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Mitrice Richardson's family complains about search's slow pace

The 24-year-old woman disappeared Sept. 17 after being released from the Lost Hills/Malibu Sheriff's Station. Her parents have filed negligence claims against L.A. County.

March 16, 2010|By Carla Hall

In the six months since Mitrice Richardson vanished in rugged Malibu Canyon, detectives have tracked reported sightings of her. Searchers have combed a total of 40 square miles looking for any sign of her -- alive or dead.

U.S. Rep. Maxine Waters (D- Los Angeles) called for the FBI's involvement, and Los Angeles County Supervisor Mark Ridley-Thomas asked the Sheriff's Department to review the policies that led to the release of the Cal State Fullerton graduate from the custody of the Lost Hills/Malibu Sheriff's Station shortly after midnight Sept. 17, 2009, without her car, purse or cellphone.

But none of that has assuaged her frustrated parents, who on Tuesday -- the day before the six-month mark of their daughter's disappearance -- stood in front of the county's Hall of Administration and criticized what they see as authorities moving slowly on the search and politicians ignoring them.

Richardson, 24, was arrested at Geoffrey's, a Malibu restaurant, for not paying an $89 dinner bill. Patrons and staffers said that she had acted bizarrely that night. Since her disappearance, detectives with the Los Angeles Police Department have discovered evidence that she had been suffering from a severe bipolar disorder. Deputies who arrived to arrest her described her as "coherent and rational," said L.A. County Sheriff Lee Baca in a letter to the Board of Supervisors.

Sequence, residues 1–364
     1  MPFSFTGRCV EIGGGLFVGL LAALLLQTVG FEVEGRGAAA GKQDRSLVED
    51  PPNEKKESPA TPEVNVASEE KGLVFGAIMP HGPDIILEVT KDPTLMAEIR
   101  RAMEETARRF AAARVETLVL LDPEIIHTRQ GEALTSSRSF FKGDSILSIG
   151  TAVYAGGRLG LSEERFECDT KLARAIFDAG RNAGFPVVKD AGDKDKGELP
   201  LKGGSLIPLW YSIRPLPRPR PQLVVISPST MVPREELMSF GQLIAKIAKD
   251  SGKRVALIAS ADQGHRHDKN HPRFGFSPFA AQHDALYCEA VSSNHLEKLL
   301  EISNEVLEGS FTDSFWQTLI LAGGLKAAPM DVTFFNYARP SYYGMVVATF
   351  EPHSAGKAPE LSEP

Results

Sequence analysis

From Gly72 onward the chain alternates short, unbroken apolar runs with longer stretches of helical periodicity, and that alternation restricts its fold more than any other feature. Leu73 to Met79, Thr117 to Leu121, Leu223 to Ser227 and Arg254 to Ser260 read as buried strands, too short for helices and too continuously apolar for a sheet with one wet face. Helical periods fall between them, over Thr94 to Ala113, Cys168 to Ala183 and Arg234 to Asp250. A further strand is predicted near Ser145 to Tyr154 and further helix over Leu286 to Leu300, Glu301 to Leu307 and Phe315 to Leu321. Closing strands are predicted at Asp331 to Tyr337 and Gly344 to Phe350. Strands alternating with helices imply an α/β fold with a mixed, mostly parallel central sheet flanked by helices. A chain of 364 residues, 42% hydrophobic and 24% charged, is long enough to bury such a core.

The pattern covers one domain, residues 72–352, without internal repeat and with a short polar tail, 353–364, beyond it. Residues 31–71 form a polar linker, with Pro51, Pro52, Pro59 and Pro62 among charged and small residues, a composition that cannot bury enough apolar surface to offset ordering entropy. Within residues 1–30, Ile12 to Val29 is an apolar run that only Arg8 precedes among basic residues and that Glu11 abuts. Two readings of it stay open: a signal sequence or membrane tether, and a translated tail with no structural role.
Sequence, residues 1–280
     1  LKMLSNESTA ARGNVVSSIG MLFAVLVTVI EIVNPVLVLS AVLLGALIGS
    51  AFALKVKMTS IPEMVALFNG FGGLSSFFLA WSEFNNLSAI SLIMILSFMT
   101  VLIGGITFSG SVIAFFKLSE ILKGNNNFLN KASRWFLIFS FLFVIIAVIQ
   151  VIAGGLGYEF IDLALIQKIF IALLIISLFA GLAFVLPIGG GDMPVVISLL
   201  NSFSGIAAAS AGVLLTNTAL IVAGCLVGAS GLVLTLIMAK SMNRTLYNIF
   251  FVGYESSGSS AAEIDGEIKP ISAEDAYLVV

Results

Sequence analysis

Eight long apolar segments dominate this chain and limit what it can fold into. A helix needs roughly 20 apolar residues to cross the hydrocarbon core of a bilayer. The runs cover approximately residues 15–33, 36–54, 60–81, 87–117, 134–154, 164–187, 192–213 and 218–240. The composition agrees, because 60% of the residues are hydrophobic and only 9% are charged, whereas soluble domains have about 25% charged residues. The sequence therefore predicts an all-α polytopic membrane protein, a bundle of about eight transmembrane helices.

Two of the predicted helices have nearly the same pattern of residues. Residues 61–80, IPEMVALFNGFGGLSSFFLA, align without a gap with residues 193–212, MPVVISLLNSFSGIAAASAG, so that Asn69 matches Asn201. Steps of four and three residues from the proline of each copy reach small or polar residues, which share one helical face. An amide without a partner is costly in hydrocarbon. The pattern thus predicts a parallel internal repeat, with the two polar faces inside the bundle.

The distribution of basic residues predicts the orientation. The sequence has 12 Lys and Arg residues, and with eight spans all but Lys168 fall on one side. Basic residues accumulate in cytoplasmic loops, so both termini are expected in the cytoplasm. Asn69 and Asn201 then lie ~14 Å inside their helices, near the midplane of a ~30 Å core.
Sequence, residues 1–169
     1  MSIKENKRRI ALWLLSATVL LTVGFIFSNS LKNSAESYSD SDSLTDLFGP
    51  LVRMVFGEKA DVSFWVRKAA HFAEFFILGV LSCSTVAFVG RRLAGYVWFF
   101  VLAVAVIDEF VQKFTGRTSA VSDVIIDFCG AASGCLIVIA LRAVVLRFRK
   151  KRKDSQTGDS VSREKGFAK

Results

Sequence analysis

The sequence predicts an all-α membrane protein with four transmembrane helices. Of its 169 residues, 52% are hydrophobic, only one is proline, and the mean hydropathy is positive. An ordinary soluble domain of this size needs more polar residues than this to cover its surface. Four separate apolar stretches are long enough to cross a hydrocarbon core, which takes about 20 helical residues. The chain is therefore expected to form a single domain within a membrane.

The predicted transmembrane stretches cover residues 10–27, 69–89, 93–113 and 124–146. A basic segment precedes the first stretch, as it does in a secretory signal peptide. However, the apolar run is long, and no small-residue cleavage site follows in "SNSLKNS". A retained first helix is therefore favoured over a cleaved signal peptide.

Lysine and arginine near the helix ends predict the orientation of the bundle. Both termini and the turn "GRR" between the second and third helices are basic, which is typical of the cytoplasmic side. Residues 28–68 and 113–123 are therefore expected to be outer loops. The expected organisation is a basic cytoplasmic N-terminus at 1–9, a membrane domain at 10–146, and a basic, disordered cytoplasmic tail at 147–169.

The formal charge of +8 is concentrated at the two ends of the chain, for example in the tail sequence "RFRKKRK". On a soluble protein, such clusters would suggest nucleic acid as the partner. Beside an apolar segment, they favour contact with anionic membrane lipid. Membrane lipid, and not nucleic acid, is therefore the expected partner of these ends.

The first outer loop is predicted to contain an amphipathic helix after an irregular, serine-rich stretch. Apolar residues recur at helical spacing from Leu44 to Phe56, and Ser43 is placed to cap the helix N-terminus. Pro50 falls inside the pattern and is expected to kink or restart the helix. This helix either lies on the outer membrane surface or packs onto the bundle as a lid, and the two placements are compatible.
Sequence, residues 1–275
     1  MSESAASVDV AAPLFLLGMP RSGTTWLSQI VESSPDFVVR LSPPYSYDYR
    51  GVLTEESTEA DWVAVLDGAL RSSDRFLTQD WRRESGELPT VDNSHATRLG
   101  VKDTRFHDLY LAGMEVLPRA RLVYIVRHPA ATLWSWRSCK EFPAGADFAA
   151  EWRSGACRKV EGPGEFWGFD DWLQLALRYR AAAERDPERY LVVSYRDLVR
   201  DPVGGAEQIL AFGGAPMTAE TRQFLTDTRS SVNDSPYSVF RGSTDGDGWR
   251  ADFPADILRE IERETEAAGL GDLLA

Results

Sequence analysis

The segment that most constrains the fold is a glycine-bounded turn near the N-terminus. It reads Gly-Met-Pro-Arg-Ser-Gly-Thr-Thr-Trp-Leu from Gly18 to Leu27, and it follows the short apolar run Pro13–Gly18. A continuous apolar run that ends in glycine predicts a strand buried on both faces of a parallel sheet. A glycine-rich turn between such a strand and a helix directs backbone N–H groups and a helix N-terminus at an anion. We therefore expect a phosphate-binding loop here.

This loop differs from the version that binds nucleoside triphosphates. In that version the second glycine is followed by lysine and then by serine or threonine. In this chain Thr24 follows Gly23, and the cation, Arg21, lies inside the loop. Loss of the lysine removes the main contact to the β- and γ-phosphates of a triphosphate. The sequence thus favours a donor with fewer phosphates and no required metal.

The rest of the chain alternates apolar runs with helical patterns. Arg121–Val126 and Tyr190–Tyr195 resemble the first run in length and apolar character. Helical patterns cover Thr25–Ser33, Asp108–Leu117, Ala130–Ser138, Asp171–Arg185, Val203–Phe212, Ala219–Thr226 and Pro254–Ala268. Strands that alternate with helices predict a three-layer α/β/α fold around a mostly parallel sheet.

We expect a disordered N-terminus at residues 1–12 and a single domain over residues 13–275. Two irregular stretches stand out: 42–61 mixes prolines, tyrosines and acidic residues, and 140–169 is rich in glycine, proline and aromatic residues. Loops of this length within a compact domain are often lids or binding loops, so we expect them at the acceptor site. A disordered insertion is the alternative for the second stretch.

Her father, Michael Richardson, filed a damages claim against the county, citing deputies for negligence in releasing his daughter into the night, especially after they were told of her odd behavior. His claim echoes a similar one filed two months ago by Richardson's mother, Latice Sutton. Sutton and Richardson are not married to each other.

Both believe there are more facts to uncover about deputies' actions that night in Calabasas. "This is just a drastic step we have to take," said her father regarding his claim for damages.

Police homicide detectives investigated the case full time for four months and continue to follow leads. So do sheriff's investigators, according to Steve Whitmore, a department spokesman.

But Sutton complained Tuesday that authorities "haven't been returning phone calls. They just dropped this. We've been trying to get drones out to search Malibu Canyon."

Mike Hennig, co-director of the San Diego nonprofit RP Search Services West, has agreed to provide his company's unmanned aerial drones to search the dense and steep Malibu area.

"It's very safe, very efficient," he said of a drone that can both photograph and evaluate difficult-to-access areas. His firm's drones were used in recent high-profile missing-persons cases in San Diego County.

Hennig said he has spoken to two law enforcement officials (whose names he could not recall) who were receptive to the idea of using drones to search for Richardson. "We're kind of on hold waiting to hear back."

Whitmore said: "We have no problem with that. The sheriff is always open to any new ideas. But we haven't been officially asked."

carla.hall@latimes.com

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